Dopamine-Neurons’ High Energy Requirements Leads to Neuronal Overheating in Parkinson’s Disease

Dopamine-Neurons’ High Energy Requirements Leads to Neuronal Overheating in Parkinson’s Disease
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In a new study entitled “Elevated mitochondrial bioenergetics and axonal arborization size are key contributors to the vulnerability of dopamine neurons” scientists discovered why dopamine producing neurons are particularly vulnerable in Parkinson’s disease. These new findings point towards a key role for mitochondria and these neurons’ high energy requirements as the underlying disease triggering mechanisms. The study was published in the journal Current Biology.

Parkinson’s disease is a chronic progressive neurodegenerative disorder characterized by the loss of neurons in specific brain regions – the region called substantia nigra compacta, the locus ceruleus and the dorsal nucleus of the vagus nerve. Notably, however, while in Alzheimer’s disease a wide range of neurons are lost, in Parkinson’s disease only a small subset of dopaminergic-neurons (a class of neurons that produce the neurotransmitter dopamine) are affected. The mechanisms underlying this specificity are currently unknown but impaired mitochondrial function and pathological protein aggregation have been suggested to play key roles in Parkinson’s pathogenesis.

In this study, a team of researchers hypothesized that dopaminergic-neurons’ particular vulnerability could be attributed to their high-energy demands. As such, mitochondria could play an essential role as these organelles are cell’s “power-house”, which means they are responsible for generating energy and, in the case of neurons, allow the release of electrical signals and chemical messengers such as dopamine.

The authors showed that dopaminergic-neurons have a complex structure exhibiting a high number of extensions and neurotransmitter release sites, similar to a tree with multiple branches. The team discovered that it is this complex arborization of neuronal axons (axons are the long, slender projection of neurons, that typically conduct electrical impulses away from the cell body) that requires a high number of mitochondria to work very hard, leading neurons to “overheat”. This need for high-energy rates ultimately results in more susceptible neurons and may cause them to die.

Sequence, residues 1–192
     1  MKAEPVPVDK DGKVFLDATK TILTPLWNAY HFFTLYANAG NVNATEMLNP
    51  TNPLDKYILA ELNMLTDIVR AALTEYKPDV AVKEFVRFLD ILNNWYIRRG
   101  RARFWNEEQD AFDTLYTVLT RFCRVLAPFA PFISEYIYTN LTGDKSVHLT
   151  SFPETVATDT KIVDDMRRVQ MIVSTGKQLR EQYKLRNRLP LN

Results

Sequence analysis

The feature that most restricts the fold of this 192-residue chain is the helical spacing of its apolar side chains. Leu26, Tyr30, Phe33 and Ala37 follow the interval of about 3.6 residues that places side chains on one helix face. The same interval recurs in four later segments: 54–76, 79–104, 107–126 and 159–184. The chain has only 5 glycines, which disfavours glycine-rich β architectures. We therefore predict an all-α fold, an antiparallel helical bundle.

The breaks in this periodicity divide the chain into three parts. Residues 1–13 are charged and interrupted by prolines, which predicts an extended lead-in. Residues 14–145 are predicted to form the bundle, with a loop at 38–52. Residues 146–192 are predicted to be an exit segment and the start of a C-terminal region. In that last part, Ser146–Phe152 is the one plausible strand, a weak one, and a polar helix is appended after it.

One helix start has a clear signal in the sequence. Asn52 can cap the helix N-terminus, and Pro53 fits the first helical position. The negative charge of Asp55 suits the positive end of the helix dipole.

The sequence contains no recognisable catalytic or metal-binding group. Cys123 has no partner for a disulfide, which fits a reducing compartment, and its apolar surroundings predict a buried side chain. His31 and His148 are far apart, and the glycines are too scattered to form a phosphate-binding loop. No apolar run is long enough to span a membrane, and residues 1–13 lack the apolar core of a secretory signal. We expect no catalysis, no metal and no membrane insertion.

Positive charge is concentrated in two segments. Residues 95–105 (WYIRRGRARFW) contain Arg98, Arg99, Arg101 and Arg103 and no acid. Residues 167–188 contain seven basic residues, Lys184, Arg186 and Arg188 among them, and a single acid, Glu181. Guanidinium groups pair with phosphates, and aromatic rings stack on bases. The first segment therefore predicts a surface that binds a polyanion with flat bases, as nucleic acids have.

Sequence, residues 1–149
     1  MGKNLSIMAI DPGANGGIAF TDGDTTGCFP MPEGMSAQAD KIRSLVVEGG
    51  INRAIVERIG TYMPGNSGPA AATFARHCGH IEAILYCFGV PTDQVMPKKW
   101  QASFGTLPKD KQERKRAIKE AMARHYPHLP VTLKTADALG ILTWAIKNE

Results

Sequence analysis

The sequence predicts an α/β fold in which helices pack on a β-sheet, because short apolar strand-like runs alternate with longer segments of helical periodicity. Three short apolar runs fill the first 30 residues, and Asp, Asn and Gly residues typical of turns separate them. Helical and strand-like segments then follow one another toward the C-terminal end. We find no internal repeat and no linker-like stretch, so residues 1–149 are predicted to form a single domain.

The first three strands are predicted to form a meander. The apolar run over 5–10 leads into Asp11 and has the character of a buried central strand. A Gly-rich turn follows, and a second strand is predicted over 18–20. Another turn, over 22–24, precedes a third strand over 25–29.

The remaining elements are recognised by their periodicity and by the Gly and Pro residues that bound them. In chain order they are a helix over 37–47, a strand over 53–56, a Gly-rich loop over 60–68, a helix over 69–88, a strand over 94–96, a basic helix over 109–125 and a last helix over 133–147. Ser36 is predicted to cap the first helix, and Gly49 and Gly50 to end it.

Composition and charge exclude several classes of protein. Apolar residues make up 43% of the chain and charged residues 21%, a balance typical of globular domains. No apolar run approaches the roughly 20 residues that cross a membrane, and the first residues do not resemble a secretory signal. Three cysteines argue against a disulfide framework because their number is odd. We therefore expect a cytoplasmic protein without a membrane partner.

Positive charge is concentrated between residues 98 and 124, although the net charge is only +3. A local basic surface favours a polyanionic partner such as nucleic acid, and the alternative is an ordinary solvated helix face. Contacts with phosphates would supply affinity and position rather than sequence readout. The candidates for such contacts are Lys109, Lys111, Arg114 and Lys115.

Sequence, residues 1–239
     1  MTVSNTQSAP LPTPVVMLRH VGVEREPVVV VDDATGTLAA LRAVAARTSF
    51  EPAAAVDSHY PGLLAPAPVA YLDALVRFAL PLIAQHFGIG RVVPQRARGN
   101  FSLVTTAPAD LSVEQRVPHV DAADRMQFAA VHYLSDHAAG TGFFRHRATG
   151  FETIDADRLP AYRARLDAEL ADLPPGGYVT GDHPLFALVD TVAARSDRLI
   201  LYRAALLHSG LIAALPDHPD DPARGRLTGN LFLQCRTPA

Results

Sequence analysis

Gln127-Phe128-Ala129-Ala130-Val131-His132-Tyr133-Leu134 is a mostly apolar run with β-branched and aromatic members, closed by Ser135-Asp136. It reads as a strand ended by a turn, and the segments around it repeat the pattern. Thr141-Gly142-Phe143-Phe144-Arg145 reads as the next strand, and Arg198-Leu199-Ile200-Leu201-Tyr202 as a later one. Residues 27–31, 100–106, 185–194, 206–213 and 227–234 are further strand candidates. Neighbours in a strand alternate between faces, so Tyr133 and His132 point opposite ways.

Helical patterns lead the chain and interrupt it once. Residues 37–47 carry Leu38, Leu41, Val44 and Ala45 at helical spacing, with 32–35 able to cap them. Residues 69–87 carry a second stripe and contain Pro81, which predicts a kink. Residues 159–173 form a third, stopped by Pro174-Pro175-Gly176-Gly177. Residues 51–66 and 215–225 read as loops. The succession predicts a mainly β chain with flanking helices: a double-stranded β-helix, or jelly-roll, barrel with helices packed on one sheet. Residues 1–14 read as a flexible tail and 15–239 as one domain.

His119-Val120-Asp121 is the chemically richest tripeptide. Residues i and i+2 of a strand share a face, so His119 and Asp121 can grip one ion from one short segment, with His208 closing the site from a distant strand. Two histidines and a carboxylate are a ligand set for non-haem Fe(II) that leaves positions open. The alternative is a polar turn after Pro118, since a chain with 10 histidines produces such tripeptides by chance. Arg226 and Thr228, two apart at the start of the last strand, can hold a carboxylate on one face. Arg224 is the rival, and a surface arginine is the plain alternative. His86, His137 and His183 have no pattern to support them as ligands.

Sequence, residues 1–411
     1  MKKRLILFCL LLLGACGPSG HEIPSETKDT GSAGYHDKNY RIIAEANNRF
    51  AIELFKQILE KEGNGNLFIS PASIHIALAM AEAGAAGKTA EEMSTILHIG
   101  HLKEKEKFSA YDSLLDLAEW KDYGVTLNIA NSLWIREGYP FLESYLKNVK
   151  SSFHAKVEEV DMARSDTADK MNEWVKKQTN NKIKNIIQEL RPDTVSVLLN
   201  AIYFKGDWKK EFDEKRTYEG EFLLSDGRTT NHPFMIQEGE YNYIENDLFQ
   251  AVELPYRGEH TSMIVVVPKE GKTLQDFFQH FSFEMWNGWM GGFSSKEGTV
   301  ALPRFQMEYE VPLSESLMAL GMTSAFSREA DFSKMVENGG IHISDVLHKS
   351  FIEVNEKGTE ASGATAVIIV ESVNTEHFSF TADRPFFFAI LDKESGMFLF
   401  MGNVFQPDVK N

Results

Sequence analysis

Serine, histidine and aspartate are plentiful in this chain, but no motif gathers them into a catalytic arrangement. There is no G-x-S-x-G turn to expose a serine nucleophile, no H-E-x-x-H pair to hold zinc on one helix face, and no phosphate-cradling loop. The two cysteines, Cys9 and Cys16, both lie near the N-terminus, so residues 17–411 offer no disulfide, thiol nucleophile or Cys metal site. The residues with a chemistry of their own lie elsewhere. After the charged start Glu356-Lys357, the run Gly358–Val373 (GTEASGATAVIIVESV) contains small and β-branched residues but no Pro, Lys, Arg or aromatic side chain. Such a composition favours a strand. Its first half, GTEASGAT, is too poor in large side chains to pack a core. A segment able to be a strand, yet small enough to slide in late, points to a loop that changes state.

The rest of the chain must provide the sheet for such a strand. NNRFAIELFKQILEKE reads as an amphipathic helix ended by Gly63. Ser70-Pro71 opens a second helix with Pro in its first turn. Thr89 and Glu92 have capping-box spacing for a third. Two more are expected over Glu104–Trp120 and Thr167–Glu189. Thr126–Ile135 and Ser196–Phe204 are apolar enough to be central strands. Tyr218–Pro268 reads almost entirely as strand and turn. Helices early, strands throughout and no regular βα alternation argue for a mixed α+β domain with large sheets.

These findings highlight that the bioenergetic and morphological specificities of substantia nigra dopaminergic-neurons underlies their increased vulnerability in Parkinson’s disease.

Louis-Éric Trudeau, a professor at the university’s Departments of Phamacology and Neurosciences, at Montreal University, Canada and study lead author commented, “Our work supports the theory that very complex neurons like those found in the substantia nigra force the mitochondria to constantly work at burnout rates to produce energy. This would explain the accelerated cell deterioration. To use the analogy of a motor, a car that overheats will burn significantly more fuel, and, not surprisingly, end up at the garage more often.” The study also contributed to advance the way scientists study Parkinson’s disease, as Trudeau noted, “For some unknown reason, it has been incredibly difficult to reproduce the symptoms of Parkinson’s in mice, even when introducing in the genome of these animals the same mutations found in humans afflicted by familial forms of the disease. Our discovery provides a new lead to potentially overcome such difficulties.”

Patricia holds a Ph.D. in Cell Biology from University Nova de Lisboa, and has served as an author on several research projects and fellowships, as well as major grant applications for European Agencies. She has also served as a PhD student research assistant at the Department of Microbiology & Immunology, Columbia University, New York.
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Patricia holds a Ph.D. in Cell Biology from University Nova de Lisboa, and has served as an author on several research projects and fellowships, as well as major grant applications for European Agencies. She has also served as a PhD student research assistant at the Department of Microbiology & Immunology, Columbia University, New York.
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